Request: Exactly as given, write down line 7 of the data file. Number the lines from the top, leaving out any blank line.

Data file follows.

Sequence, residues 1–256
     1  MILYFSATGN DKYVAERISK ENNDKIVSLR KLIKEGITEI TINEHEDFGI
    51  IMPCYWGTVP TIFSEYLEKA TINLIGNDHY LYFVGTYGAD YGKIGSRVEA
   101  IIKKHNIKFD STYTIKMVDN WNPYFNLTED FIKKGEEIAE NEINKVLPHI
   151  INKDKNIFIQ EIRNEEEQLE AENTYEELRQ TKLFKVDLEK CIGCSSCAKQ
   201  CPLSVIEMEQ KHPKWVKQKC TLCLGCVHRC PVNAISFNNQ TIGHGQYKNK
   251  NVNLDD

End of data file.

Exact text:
   251  NVNLDD